About the only surprise about
(CLH - Get Report), the waste management company, is that almost every analyst who follows it still rates is as a Buy.
That's even after the company's most-recently-reported quarter, which included yet another in a series of sliced guidance, missed expectations or a combo of both.
Yet this is the same company:
- That is still hoping for the best from its Safety-Kleen acquisition late last year, which hasn't generated the margin growth the company forecast.
- That bought into the oilfield waste disposal and services business at the peak of the oil cycle.
- Whose CFO (on the job when Safety-Kleen was bought) quit in February after less than a year on the job. He was replaced by the company's former CFO, who is also president. (It's often best when those two jobs are split.)
What many on Wall Street don't appear to have fully grasped is that thanks to a series of acquisitions, Clean Harbors has morphed from merely a hazardous waste environmental cleanup company, its legacy, into one whose fortunes are tied in a significant way to oil and gas exploration. As the result of a 2009 acquisition, it even operates lodging facilities for oilfield workers.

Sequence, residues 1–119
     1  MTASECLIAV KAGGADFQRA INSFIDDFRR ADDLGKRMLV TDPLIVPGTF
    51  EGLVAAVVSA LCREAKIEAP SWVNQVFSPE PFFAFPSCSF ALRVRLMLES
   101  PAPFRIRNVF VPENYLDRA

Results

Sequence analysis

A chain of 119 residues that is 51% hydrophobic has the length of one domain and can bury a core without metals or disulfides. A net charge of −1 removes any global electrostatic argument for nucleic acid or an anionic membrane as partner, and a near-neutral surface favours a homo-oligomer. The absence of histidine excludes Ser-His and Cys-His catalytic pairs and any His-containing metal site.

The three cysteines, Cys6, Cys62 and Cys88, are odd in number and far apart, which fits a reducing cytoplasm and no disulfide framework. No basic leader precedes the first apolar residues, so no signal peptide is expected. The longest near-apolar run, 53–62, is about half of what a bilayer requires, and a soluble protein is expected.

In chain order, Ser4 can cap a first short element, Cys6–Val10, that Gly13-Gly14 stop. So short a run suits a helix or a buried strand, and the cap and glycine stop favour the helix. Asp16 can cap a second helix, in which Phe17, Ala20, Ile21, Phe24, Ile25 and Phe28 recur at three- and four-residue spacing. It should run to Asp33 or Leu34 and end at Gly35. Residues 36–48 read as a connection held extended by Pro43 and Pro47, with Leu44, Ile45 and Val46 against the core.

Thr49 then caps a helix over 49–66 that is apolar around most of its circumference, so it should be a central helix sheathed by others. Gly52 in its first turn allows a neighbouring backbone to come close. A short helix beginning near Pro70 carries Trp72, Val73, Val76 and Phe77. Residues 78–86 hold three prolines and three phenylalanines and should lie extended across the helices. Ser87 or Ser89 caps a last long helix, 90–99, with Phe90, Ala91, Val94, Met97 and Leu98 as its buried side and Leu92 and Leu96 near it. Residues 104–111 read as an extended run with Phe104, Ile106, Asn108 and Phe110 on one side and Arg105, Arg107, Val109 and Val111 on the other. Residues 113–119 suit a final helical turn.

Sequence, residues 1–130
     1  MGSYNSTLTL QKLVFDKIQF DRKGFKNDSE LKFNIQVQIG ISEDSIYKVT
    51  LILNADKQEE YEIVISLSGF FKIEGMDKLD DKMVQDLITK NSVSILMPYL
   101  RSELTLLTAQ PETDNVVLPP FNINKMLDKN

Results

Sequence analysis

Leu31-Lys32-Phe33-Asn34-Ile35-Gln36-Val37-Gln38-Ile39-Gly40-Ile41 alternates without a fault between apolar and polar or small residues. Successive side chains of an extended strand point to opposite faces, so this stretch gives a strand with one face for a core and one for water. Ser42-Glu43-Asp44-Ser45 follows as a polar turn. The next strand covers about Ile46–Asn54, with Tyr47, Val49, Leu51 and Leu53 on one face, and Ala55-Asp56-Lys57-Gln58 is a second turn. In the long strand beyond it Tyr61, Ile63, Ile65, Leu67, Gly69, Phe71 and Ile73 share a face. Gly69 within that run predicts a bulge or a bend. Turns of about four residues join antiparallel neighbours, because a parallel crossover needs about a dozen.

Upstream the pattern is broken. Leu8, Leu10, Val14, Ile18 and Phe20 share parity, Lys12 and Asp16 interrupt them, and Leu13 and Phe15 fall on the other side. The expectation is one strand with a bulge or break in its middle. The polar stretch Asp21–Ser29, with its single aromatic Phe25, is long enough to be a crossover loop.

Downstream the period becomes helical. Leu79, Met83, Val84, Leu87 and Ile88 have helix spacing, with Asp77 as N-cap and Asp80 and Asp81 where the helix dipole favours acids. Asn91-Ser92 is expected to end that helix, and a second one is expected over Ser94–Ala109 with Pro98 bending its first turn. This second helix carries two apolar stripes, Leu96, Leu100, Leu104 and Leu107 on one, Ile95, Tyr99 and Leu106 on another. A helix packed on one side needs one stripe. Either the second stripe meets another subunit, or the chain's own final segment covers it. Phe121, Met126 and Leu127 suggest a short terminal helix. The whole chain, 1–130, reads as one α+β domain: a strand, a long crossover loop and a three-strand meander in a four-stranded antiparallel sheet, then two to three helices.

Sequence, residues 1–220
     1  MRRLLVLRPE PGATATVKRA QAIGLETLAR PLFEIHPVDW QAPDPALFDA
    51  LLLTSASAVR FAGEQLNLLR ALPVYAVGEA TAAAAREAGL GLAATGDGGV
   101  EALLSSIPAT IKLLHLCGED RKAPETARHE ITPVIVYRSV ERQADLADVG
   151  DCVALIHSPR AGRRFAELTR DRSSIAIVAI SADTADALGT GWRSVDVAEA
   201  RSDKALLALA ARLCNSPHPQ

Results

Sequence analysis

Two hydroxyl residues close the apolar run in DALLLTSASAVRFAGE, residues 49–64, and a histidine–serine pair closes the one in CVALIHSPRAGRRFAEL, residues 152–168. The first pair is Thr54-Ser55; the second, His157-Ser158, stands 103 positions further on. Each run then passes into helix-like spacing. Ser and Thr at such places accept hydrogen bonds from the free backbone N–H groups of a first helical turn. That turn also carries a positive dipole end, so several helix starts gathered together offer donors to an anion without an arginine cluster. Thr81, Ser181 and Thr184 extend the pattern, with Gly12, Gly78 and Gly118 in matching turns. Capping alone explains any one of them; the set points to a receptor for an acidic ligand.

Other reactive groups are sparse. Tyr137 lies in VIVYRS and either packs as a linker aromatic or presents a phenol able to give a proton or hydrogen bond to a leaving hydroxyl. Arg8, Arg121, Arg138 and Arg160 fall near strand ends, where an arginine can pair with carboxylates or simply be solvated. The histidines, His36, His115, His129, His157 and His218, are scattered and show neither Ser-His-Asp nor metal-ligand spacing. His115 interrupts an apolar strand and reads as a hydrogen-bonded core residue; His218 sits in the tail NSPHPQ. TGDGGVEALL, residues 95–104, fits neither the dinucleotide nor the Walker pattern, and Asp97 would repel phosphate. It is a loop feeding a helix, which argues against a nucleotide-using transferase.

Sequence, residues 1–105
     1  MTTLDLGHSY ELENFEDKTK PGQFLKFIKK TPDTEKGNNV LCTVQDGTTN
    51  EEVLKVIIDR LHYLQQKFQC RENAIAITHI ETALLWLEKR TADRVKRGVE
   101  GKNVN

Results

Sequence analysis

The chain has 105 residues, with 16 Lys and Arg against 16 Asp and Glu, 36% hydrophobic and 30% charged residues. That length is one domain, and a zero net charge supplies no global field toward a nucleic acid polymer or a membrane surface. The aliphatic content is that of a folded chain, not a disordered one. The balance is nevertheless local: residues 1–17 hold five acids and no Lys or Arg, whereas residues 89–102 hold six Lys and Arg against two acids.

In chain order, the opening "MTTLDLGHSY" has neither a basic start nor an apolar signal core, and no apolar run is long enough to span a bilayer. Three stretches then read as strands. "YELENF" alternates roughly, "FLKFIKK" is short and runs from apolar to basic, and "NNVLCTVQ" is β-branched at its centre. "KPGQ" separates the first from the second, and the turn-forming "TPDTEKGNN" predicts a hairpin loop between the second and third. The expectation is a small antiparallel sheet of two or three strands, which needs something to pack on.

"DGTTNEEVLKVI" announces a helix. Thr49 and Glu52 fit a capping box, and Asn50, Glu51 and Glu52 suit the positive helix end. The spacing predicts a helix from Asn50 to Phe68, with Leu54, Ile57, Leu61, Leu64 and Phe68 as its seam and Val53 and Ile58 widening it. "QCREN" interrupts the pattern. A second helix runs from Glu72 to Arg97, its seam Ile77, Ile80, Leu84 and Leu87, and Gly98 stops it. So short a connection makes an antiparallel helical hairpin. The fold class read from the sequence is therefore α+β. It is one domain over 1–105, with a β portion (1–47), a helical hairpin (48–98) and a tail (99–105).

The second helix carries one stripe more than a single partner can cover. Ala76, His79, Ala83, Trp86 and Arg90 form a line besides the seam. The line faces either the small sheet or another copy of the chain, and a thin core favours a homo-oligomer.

The strategy doesn't appear to have panned out the way the company had hoped, certainly not yet, evidenced by adjusted EBITDA margins, one of the company's favored metrics. (Actually any margins tell the same story.)
After peaking in 2010 at 18.2%, a year after the acquisition binge started, EBITDA margins have struggled to recover from first-quarter low of 12.9%. Last quarter's 16.1% was an improvement, but still well below a year ago, "primarily due to the weight of the lower-margin Safety-Kleen business," said Morningstar analyst Barbara Noverini.
Therein lies an important part of the story: It wasn't supposed to be this way.
The forays into the oil-and-gas-related services businesses were supposed to help leverage Clean Harbors' existing industrial base and create cross-selling opportunities while expanding its geographical footprint from its traditional base in the Northeast throughout the U.S. and Canada. It has had a steady success in Canada's oil sands.
The acquisition spree culminated with the $1.25 billion Safety-Kleen deal, which boosted revenue by more than 50%. It occurred just as the company's oil-and-gas business was losing steam. Four years out of bankruptcy and on the brink of going public, Safety-Kleen's two principal businesses -- re-refining recycled oil, much of it collected through its other business, and service station parts cleaning -- were expected to save the day.
When the deal was announced, CEO Alan McKim said it would be "immediately accretive."
It hasn't been. In fact, even with synergies from the acquisition, the company has struggled to keep its balance.
"We're disappointed with our performance compared to what the guidance and expectation was with the business," McKim told me in an interview.